Further Reading

The focus of this chapter was on the main RMON functions and extensions. However, other RFCs produced by the IETF RMON working group are worth mentioning, either for reference or for further investigation:

  • RFC 3919, Remote Network Monitoring (RMON) Protocol Identifiers for IPv6 and Multi Protocol Label Switching (MPLS)

    This informational RFC defines basic protocol identifiers for IP version 6 and MPLS protocols. RFC 2896, Remote Network Monitoring MIB Protocol Identifier Macros, defines various protocol identifiers, and RFC 2895 defines the syntax of the protocol identifier descriptors. The intent of this document is not to adapt each protocol identifier defined in RFC 2895 and in RFC 2896 for IP version 6, but to define protocol identifiers for IP version 6 protocols and for MPLS protocol. Note that this RFC is informational only, which means that it is not a standard definition.

  • RFC 3577, Introduction to the Remote Monitoring (RMON) Family of MIB Modules

    This informational RFC provides a very useful tutorial about RMON objectives, foundations, architecture, various extensions, and relationship information to other MIBs.

  • RFC 4149, Definition of Managed Objects for Synthetic Sources for Performance Monitoring Algorithms

    This RFC defines a method of describing Synthetic Sources for Performance Monitoring (SSPM). This is useful within the RMON framework for performance monitoring in cases where it is desirable to inject packets into the network for monitoring their performance with the other MIBs in that framework.

  • RFC 4150, Transport Performance Metrics MIB

    This RFC continues the architecture created in the RMON 2-MIB (RFC 2021) by providing a major feature upgrade. It primarily provides new metrics and studies to help analyze performance for subapplication transactions in the network, in direct relationship to the transporting of application layer protocols. The monitoring covers both passive and active traffic generation sources.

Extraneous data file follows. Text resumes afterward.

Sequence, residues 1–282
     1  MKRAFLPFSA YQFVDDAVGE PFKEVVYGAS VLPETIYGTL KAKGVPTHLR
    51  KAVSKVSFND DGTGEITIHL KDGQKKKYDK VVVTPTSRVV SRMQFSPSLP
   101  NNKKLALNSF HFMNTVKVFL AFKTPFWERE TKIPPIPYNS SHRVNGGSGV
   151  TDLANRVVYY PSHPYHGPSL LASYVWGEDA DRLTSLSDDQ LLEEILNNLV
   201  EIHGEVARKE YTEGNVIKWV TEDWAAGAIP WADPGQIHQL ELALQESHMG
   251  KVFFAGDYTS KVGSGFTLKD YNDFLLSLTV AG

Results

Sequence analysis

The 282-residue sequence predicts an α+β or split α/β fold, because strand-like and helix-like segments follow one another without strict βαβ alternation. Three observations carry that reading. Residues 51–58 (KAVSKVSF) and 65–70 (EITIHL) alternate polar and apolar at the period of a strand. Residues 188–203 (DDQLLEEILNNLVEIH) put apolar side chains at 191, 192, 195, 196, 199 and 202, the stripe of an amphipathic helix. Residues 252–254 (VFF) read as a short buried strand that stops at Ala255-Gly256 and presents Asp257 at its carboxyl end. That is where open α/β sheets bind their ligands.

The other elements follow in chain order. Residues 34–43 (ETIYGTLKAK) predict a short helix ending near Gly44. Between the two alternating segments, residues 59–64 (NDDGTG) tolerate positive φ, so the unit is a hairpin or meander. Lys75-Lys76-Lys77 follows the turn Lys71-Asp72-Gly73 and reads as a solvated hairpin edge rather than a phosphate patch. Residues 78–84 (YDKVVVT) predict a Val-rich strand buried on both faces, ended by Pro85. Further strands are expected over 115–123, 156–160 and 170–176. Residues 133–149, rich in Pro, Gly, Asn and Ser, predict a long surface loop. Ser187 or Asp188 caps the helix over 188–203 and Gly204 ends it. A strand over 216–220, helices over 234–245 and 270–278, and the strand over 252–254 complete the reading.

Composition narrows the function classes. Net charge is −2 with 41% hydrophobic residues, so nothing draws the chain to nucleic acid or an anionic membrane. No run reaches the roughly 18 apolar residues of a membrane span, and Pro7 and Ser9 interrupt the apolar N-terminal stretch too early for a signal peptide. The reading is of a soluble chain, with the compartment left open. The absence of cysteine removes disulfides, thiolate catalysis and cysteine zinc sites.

• RFC 4710, Real-time Application Quality-of-Service Monitoring (RAQMON) Framework

    RAQMON allows end devices and applications to report QoS statistics in real time. There is a need to monitor end devices such as IP phones, pagers, instant messaging clients, mobile phones, and various other handheld computing devices. This RFC extends the RMON family of specifications to allow real-time QoS monitoring of various applications that run on these devices. It also allows this information to be integrated with the RMON family using Simple Network Management Protocol (SNMP). The companion RFCs are RFC 4711, Real-time Application Quality-of-Service Monitoring (RAQMON) MIB, and RFC 4712, Transport Mappings for Real-time Application Quality-of-Service Monitoring (RAQMON) Protocol Data Unit (PDU).

Part II: Implementations on the Cisco Devices